Show us your . . . penthouse suite | Show us your [____] | Chicago Reader

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Show us your . . . penthouse suite

We check out the pad with the highest price (and altitude) in the city


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In 1952, the New Yorker ran the three-part profile of Chicago that gifted us with the epithet the "Second City." A sprawl of blue-collar workers and "suburban-looking people," Writer A.J. Liebling charged the "not-quite metropolis" with overstating its status as a world-class city—a term Liebling reserved for New York. Since then, the city of broad shoulders has had a complicated relationship with luxury goods.

For some, Chicago will always be a city of rolled-up sleeves. The sign that hung over Michigan Avenue during Liebling's visit feels immodest today: This is the Magnificent Mile. It is lined with the most beautiful buildings and the finest and most luxurious shops in the World. But for others, the days of Carl Sandburg's "stormy, husky, brawling, / City of the Big Shoulders" are over.

The city's priciest-ever property listing was posted earlier this week by luxury real estate broker Chezi Rafaeli. For $32,000,000, you can own the 89th-floor penthouse suite of the Trump International Hotel & Tower. With seven bedrooms and 14,260 square feet, 360-degree views, five fireplaces, a theater—and, as of yet, unfinished floors and no doors—the penthouse is something of a high-end "fixer-upper."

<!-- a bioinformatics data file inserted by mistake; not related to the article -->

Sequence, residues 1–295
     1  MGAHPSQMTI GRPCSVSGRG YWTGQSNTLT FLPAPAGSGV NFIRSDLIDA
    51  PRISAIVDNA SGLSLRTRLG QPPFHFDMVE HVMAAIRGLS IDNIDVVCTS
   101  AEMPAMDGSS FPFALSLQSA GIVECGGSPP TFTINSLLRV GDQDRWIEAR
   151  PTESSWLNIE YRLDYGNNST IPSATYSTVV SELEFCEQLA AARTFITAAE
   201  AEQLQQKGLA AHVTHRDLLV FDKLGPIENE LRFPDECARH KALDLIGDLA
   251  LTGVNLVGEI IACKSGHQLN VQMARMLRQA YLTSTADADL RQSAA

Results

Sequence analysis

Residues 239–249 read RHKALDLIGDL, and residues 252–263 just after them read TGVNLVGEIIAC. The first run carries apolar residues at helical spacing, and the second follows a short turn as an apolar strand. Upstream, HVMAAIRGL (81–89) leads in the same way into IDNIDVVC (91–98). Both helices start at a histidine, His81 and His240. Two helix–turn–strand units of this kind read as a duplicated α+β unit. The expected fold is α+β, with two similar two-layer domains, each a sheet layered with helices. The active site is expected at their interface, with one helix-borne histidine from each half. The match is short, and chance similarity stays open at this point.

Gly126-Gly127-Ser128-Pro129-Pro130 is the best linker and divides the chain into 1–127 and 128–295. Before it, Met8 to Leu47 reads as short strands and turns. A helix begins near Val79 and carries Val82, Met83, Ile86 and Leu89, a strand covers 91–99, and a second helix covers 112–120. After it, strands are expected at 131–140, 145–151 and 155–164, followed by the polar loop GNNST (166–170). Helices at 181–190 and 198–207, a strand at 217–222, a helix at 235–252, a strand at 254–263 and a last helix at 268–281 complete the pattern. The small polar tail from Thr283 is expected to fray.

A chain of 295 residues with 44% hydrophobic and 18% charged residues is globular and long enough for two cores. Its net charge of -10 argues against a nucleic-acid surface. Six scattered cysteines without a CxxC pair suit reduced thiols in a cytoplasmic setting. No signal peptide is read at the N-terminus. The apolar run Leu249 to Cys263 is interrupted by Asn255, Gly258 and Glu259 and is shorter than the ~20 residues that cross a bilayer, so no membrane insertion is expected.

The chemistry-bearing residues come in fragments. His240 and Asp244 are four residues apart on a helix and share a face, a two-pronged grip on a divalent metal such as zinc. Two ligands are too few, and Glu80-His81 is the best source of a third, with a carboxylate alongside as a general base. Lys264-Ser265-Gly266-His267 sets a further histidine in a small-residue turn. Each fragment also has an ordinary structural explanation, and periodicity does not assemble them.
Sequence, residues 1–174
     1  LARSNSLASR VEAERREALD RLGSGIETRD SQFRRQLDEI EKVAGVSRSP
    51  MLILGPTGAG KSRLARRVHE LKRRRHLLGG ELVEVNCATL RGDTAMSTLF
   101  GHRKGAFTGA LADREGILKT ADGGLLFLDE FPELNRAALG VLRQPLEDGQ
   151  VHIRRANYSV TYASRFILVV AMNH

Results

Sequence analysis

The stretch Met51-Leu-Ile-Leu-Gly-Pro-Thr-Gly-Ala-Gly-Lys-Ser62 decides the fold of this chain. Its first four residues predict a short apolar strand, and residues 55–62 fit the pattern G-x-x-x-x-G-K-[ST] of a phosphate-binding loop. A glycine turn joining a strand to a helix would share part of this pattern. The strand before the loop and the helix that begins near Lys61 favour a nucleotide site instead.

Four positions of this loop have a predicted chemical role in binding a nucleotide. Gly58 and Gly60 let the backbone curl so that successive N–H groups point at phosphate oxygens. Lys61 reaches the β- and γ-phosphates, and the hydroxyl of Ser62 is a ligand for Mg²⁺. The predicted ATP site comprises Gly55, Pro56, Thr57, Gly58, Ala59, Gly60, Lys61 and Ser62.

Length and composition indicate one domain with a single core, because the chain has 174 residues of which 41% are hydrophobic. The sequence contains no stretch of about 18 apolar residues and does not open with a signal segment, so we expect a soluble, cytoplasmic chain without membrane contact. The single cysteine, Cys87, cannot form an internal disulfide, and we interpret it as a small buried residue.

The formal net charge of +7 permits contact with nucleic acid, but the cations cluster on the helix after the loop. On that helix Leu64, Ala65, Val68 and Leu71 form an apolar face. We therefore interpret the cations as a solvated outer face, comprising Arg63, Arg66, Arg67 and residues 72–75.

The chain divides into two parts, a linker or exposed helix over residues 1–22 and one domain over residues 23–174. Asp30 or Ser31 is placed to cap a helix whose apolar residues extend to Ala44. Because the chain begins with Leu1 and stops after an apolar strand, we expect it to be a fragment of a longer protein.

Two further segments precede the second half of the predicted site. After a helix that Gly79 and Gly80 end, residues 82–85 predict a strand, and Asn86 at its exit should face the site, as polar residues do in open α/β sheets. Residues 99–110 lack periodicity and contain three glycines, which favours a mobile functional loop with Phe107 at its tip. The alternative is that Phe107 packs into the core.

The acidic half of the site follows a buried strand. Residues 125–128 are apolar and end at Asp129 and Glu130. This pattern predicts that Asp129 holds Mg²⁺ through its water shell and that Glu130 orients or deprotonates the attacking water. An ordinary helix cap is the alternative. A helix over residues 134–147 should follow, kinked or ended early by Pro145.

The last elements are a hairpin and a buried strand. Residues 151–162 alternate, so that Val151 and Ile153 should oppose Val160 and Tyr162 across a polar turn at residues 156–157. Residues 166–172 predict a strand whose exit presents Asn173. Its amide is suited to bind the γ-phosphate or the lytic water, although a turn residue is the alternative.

"There are a lot of people who have been looking at it," said Rafaeli in a phone interview. Though interested parties normally visit with a team of contractors, the broker is confident that someone will pick up the check to turn this lofty glass expanse into a home.

"The people that can afford to buy this kind of property, chances are, they're willing to spend a lot of money to customize it to their lifestyle," Rafaeli added. For a bit of context, Michael Jordan's 56,000-square-foot Highland Park home only came in at $29,000,000.

Asked how the penthouse compares to similar units in New York that are being rented rather than sold, to attract those wary of grand investments, Rafaeli responds, "It's a different market than in New York."

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